The Lady and the Beard
Director: Yasujirô Ozu
This is my second Ozu film and I am trying to start off with his early movies
as much as I can. Many of the ones he directed in the 1920's are lost or
are missing large sections. By the time of this film he had already directed
20 films - many of them are comedies which might surprise those who think
of Ozu and his serious family oriented post-war films that for years were
what was available to Western audiences and considered his classics. He is
now held in such high regard that DVD companies have gone back to release
many of his pre-war films with subtitles.
Ozu had to spend much of his teenage years outside of the Tokyo that he loved
and later set so many of his films in. He was a poor student, not popular
with the girls and spent as much time as he could at the movie theater gobbling
up American films. All kinds but in particular loving the silent comedies.
These influences were brought into his early films. He also preferred modern
settings for his films - he had no interest in period films and only his
first film for Sochiku (who he stayed with for all of his career) was set
in the past.
This is a playful film in which Ozu seems to place himself in the middle
of the debate on modernity and tradition and makes gentle fun of both. It
needs to be mentioned that this is a silent film - though Japan produced
its first talkie (Fujiwara Yoshie no furusato) in 1930, Ozu didn't direct
his first (The Only Son) until 1936. Japan in general transitioned to talkies
much slower than in the West. Part of the reason for this was the popularity
of the Benshi - a live narrator of the film who would act out the various
characters, add his own take on the film, try to gin up excitement - audiences
loved them and some of them became famous. Ozu was in no rush and loved silent
films. So the comedy here is generally visual - a few lovely comic scenes
play out in near pantomime.
The film begins with a friendly university
Kendo match (with sticks) in which Okajima (Tokihiko Okada) wins his duels.
The duels are not serious matches - more what you might expect Chaplin to
do. When he removes his mask, it turns out he has a messy beard like tumbleweed
taped to his face and hair that looks like it just came in out of a hurricane.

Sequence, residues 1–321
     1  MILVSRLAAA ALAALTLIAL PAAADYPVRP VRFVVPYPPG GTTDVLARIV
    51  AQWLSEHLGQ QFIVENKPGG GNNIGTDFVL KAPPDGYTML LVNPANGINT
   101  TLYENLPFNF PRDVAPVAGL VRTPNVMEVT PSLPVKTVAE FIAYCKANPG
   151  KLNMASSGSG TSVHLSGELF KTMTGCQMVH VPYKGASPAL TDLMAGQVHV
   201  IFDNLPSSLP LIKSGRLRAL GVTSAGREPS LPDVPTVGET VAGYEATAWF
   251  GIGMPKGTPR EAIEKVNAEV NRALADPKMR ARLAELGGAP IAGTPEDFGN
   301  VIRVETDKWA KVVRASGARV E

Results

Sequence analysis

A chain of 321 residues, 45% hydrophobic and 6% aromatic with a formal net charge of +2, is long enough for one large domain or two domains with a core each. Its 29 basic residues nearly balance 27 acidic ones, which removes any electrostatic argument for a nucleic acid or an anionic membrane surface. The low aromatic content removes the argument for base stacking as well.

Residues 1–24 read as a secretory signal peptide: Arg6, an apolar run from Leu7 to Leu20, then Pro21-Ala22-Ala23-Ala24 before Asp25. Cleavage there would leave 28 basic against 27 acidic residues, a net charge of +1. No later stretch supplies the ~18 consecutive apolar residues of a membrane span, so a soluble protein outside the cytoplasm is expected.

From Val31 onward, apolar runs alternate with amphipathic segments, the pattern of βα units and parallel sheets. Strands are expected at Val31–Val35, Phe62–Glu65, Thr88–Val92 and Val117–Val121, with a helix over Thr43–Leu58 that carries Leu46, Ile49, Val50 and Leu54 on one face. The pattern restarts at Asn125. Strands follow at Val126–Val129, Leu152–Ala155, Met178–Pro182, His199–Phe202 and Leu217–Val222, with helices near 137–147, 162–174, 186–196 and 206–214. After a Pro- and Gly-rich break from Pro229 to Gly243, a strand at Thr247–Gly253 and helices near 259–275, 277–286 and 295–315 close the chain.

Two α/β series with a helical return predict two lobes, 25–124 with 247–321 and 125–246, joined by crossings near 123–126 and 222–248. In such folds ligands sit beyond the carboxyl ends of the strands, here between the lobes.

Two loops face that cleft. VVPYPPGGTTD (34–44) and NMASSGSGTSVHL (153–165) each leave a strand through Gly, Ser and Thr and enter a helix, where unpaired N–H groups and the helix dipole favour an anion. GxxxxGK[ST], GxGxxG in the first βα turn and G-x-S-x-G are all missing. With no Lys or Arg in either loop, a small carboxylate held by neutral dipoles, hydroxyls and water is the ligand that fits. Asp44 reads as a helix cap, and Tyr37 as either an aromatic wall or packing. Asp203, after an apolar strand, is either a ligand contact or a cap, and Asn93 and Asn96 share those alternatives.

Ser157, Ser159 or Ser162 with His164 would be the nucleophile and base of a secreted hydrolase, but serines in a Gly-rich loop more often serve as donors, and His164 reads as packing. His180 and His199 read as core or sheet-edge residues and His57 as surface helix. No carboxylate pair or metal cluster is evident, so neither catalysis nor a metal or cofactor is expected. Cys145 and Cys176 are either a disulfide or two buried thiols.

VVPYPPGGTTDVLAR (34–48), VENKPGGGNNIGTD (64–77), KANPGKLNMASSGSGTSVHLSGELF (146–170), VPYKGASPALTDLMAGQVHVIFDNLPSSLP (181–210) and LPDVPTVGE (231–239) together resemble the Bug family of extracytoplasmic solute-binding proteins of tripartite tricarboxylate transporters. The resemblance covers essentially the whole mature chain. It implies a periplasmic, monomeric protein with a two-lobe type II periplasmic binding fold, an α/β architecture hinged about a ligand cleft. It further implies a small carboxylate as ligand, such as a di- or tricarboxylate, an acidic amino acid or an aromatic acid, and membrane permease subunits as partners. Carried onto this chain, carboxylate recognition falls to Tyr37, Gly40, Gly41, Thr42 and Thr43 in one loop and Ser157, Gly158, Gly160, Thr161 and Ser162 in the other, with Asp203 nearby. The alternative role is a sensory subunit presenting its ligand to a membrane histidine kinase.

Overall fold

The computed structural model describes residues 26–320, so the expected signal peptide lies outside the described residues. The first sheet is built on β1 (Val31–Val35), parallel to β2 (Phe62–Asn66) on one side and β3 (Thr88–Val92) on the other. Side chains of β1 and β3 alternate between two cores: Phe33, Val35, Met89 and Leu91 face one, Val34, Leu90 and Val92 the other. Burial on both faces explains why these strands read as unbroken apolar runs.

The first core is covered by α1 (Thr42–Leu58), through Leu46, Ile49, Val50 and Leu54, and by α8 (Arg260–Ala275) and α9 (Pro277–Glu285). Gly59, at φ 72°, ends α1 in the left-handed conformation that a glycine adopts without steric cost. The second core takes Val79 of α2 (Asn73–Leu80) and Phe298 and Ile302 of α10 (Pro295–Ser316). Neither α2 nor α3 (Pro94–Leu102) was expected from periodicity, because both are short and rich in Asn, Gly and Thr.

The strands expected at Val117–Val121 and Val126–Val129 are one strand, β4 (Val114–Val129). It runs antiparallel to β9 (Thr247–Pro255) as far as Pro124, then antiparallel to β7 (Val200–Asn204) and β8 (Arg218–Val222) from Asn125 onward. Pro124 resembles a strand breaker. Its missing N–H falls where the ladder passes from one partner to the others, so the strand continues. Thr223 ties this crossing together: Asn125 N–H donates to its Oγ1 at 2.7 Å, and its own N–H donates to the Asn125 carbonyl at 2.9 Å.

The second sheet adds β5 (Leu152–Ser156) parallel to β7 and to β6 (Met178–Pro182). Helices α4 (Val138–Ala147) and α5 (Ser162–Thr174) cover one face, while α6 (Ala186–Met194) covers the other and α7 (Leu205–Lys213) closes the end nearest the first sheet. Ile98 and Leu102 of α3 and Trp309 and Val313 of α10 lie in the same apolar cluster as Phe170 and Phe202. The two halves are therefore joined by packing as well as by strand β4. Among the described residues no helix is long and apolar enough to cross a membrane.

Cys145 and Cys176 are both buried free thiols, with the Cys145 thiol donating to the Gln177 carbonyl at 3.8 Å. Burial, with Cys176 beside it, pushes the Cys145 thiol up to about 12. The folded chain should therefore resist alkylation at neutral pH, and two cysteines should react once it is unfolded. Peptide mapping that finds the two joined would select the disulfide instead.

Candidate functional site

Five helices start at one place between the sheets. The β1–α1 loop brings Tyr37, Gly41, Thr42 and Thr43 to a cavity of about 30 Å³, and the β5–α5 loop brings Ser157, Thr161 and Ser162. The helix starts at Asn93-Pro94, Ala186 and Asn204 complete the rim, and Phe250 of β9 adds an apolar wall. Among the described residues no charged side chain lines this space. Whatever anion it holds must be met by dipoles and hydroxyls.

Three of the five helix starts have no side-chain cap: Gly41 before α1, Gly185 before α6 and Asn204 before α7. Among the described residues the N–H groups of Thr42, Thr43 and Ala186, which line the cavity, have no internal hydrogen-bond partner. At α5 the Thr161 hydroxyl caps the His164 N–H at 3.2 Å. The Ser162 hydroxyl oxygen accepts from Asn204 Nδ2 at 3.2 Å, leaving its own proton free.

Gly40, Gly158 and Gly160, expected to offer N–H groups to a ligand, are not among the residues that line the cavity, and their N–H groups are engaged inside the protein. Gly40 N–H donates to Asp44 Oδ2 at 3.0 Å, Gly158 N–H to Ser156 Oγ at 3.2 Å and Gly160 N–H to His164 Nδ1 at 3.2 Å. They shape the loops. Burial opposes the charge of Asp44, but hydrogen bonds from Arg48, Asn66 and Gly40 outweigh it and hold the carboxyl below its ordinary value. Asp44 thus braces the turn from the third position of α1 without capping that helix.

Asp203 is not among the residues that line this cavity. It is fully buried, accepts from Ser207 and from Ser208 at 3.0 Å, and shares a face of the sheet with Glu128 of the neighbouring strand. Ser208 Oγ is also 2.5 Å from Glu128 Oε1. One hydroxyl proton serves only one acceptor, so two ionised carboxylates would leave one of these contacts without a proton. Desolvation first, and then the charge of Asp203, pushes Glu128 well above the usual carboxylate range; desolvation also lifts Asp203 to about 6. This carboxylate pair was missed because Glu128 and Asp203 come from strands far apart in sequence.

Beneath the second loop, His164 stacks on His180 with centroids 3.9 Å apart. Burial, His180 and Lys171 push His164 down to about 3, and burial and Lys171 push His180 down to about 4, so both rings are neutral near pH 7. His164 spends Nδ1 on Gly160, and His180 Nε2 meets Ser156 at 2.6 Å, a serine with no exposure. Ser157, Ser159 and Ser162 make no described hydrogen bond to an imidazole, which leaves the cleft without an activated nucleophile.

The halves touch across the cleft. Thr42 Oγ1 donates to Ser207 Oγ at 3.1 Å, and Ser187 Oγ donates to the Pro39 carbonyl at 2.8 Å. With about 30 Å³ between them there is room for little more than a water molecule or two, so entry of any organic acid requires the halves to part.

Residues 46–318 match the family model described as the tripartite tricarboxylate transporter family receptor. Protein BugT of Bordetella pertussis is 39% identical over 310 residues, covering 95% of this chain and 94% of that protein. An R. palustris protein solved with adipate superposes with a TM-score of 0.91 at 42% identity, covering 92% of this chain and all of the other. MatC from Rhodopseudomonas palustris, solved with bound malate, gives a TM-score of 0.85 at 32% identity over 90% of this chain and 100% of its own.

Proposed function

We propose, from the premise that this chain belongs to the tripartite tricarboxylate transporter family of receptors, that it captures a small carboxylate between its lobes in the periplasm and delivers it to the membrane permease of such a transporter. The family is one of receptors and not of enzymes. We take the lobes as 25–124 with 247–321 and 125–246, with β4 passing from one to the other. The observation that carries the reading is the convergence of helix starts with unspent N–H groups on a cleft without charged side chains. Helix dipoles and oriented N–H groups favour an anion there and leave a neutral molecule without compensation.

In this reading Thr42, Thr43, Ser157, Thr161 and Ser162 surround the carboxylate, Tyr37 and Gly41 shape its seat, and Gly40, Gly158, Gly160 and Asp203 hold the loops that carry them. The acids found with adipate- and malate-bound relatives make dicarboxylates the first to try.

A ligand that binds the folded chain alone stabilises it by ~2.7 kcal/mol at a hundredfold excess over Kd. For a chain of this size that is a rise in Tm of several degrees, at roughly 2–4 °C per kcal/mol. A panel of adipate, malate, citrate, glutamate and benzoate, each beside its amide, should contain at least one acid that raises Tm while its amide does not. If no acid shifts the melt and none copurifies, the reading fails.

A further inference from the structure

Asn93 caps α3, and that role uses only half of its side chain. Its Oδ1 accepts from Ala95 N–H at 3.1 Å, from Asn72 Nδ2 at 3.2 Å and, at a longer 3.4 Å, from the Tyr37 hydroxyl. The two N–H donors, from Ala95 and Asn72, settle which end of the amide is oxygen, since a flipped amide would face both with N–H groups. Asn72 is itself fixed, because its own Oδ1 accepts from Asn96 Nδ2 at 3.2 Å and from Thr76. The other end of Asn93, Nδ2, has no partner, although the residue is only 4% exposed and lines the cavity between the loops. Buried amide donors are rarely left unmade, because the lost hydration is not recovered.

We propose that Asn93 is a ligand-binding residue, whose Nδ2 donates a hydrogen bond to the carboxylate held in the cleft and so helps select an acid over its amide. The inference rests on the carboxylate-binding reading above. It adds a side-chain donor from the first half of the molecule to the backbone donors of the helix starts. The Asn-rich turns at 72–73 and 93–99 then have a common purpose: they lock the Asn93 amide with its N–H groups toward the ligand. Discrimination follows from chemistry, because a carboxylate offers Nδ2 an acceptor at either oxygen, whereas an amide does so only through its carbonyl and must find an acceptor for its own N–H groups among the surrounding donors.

He is a traditionalist - wears clogs and an obi - he later tells one person
who spots a portrait of Lincoln on his wall that he admires Lincoln because
he grew the beard to keep women away. Not exactly historically accurate.
Oddly, a wealthy friend has a portrait of Marx on his wall. Also of interest
is that Okajima has a movie poster on his wall with Laurel and Hardy in the
cast and in large print it say a Talkie! Apparently, one of Ozu's little
inside tributes is to have a film poster show up in most of his films. In
Dragnet Girl (my other Ozu) he showed two posters - The Champ and All Quiet
on the Western Front. Like spotting Hitchcock.
Okijima is invited by a student to come to his home where his sister (Toshiko
Iizuka) is celebrating her birthday with friends. Modern girls who smoke,
play music on the turntable and dance together. As soon as they get a look
at Okijima they start laughing - ask him to dance - which he can't do - but
instead he puts on a kendo demonstration and they go off running.
Japan was itself going through a transition in a rush to modernity in clothes,
the economy, style, the military and beards were no longer in fashion. On
the way to the house he had rescued a girl from a female gangster (Satoko
Date) who has two male cohorts - when they attack Okijima his kendo training
comes in handy. He later runs into this same girl (Hiroko Kawasaki - a long
career in film) and she advises him to shave the beard if he wants to find
a job. He does and not only finds a job but soon has three women falling
for him - Hiroko, the traditional girl, the sister of his friend, the modern
girl, and the gangster girl. Two of them are in the midst of going through
the arranged marriage process that Ozu makes fun of. It was a popular film
at the time and it is easy to see why.